On a long but educational process repairing a vintage German stereo. I have identified a failed (shorted) PNP transistor in the power amp section. (Schematic with highlight is below.) The part on the actual board is a BC158B; the schematic specifies only "BC158". The only difference between the BC158 and the B variant is the hFE gain value (higher value in the B). Here's a datasheet showing the BC158 series.

I have asked before here and gotten good advice on how to think about transistor equivalence in audio when going from vintage euro parts to current US replacements.

It appears to me that a standard general purpose 2N3906 would seem appropriate relative to the base BC158 (has same or higher max voltage, higher max current, and similar hFE.

I'm not knowledgeable enough to look at the circuit and see why the schematic shows the BC158 and the actual part used was a BC158B-- they appear to be likely different in amplification function, but maybe (presumably?) it doesn't matter here.

  1. Can anyone offer a theory for why the original part used could be a higher-gain model without messing anything up?

  2. Do I need to seek out a higher-gain replacement part? I'll use a 2N3906 if it would seem to work. If not, there are some random parts I groused up on Mouser based on the filters that seem like they might be appropriate, but I'm for those I'm casting around in the dark a bit.


Schematic-- T601 is the one that needs replacing:

enter image description here

  • 1
    \$\begingroup\$ A BC158B can be used anywhere the design says BC158, but not necessarily the other way round. They test the devices after manufacture and then put them in "bins" according to what they measure and mark with them with the letter, so if you need the higher gain you can specify the relevant part number. \$\endgroup\$
    – Finbarr
    May 28, 2020 at 19:16
  • \$\begingroup\$ ...and probably pay a bit more, obviously. \$\endgroup\$
    – Finbarr
    May 28, 2020 at 19:26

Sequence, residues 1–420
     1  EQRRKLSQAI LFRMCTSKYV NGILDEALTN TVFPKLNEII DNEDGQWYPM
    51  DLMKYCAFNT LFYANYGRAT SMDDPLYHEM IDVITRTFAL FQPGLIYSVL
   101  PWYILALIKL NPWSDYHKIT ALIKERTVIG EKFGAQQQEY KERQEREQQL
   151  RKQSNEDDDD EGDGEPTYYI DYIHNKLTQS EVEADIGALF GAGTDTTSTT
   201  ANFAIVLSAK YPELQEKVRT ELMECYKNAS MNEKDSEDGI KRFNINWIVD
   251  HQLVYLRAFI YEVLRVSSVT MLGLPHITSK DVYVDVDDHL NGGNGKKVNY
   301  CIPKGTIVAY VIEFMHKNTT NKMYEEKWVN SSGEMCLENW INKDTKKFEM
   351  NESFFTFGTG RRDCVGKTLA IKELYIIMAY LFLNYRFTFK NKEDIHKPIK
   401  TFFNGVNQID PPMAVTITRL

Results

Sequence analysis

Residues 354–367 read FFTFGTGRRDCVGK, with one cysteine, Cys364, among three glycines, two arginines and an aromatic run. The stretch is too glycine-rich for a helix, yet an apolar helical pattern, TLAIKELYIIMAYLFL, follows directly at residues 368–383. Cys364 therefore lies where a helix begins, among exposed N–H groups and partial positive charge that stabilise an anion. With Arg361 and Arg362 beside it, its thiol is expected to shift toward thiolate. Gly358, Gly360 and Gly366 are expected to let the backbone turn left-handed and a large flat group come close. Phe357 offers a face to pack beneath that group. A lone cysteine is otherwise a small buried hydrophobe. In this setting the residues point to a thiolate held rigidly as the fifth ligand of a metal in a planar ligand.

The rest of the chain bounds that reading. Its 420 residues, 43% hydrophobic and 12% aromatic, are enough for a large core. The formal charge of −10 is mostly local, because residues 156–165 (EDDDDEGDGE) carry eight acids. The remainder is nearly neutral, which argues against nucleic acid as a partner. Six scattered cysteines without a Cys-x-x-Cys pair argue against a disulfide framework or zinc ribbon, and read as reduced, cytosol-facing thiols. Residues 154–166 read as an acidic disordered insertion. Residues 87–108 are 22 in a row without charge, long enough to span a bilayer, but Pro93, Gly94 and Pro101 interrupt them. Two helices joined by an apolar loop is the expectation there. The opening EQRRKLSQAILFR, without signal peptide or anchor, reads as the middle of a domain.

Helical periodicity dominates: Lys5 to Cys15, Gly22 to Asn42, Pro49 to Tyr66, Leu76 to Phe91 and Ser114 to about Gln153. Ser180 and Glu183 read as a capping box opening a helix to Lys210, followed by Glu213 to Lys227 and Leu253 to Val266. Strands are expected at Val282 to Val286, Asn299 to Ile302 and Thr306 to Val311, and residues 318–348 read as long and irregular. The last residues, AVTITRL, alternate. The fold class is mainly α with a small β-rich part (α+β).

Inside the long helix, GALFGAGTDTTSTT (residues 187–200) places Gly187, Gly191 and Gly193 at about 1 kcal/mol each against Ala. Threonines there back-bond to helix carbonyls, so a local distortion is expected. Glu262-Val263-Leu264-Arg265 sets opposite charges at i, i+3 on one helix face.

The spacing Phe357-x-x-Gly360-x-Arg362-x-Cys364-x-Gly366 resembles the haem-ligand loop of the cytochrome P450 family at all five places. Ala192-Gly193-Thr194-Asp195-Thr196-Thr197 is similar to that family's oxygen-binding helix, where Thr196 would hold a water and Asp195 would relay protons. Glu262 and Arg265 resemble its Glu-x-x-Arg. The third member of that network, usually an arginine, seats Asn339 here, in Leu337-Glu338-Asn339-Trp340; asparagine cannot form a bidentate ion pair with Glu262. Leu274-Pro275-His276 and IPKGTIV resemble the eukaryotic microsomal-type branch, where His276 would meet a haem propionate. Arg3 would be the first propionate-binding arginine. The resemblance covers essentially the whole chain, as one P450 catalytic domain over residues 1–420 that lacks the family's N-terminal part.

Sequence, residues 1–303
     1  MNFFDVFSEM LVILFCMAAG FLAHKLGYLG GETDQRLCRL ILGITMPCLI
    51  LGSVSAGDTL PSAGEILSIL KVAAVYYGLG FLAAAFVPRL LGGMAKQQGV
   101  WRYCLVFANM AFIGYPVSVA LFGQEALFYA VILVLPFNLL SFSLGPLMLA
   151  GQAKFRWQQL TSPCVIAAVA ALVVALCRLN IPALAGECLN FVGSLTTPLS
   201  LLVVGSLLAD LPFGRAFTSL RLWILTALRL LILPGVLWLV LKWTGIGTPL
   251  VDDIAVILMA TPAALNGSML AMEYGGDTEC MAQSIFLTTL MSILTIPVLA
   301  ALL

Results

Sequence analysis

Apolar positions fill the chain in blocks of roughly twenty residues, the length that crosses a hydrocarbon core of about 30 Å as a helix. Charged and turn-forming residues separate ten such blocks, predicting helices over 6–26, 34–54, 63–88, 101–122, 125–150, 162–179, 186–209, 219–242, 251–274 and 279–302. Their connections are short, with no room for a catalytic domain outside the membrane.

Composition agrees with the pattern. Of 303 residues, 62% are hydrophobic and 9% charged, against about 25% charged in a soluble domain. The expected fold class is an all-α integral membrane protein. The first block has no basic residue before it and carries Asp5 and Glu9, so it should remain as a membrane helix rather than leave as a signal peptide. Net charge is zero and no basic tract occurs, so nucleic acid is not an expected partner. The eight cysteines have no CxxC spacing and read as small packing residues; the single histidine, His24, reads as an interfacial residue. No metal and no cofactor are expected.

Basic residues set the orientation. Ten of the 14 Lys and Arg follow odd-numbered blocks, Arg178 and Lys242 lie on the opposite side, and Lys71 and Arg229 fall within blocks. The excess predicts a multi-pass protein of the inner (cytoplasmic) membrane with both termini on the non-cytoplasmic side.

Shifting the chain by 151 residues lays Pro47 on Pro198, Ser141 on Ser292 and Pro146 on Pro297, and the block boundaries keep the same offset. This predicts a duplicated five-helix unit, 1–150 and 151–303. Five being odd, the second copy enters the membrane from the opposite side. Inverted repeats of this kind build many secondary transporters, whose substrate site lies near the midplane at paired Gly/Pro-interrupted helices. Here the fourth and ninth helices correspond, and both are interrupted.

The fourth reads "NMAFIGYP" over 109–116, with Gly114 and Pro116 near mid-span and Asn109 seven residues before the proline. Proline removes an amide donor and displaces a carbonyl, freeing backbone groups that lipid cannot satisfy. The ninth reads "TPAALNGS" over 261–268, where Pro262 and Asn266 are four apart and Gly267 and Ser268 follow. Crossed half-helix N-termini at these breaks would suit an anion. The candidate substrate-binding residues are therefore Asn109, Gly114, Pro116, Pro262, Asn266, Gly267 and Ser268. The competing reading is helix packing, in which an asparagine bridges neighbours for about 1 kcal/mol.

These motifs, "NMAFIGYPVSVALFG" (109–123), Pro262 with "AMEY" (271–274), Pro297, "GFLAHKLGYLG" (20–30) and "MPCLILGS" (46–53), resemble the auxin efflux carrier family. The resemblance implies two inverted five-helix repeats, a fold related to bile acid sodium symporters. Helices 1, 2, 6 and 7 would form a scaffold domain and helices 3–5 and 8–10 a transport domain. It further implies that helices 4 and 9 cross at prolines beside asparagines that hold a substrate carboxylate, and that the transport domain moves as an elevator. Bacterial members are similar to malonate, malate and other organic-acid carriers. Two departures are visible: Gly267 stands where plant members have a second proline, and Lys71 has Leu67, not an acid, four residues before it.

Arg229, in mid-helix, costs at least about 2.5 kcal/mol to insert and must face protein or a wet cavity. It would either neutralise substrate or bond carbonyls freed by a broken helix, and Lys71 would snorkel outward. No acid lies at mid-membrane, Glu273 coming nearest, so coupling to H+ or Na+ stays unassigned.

• \$\begingroup\$ @Finbarr ahhh that's super useful and I didn't understand that. This implies that my (admittedly small and uninformed) intuition around what hFE is and how it's used/matched is way off. Got some studying to do. Thanks \$\endgroup\$
    – Ben Zotto
    May 28, 2020 at 19:47

2 Answers 2


This transistor is biased DC around 1-2 mA collector current.

  • Suppose HFE is at the low-end: 125...then DC base current is about 9.7 uA.
  • Suppose HFE is at the high-end: 500...then DC base current is about 2.4 uA.

This base current flows through base bias equivalent resistance of about 85k ohms. So at one HFE extreme compared to the other HFE extreme, DC bias would change only 0.625 V at T601. That's trivial compared to the 19V at transistor's emitter.
Since open-loop gain is very much higher than closed-loop gain, almost all transistor non-linearities are removed. So gain variations are removed too, because overall amplifier gain is set by resistor ratio of R608/R607.

T601 is not pushed anywhere near its operating envelope limits. 2N3906 is a decent substitute in this circuit.

  • \$\begingroup\$ Thanks. There's a lot of great context in here that is currently confusing to me but it creates a very helpful bunch of leads to Google around with. Thanks for the final assessment, too. \$\endgroup\$
    – Ben Zotto
    May 28, 2020 at 19:44

the T601 is where the input signal ( from Preamp ) is subtracted from the feedback signal to the loudspeaker.

The difference of Vbase and Vspeaker becomes a current across the 820 ohm between speaker and emitter. That (error) current exits the collector.

That current becomes a voltage across the 560 ohm between base of T604 and the thick black Ground buss.

Notice the 47pf on base_collector of T604; Miller Muitiplication boosts the cap by the voltage gain of T604, and sets the frequency rolloff.

There will be a dominate pole generated by the 560 ohm and the input capacitance [ 47pf * ( 1 + voltage_gain_T604) ].

The open_loop gain resistor --- R605 --- has 16 volts across it. Divide that voltage by the thermal_voltage of 0.026 volts (from the diode equation) and you find the low-frequency gain is 640X.

That makes the C_Miller be 47pf * 640X_gain === 30,000 pf; the time constant of 560 ohm and 30,000 pf === 15 microseconds, or 60,000 radian/second, making the pole be 2 * PI lower at 10,000 Hz.

With the dominant open_loop pole at 10,000 Hz, this amplifier likely has superb transient performance.



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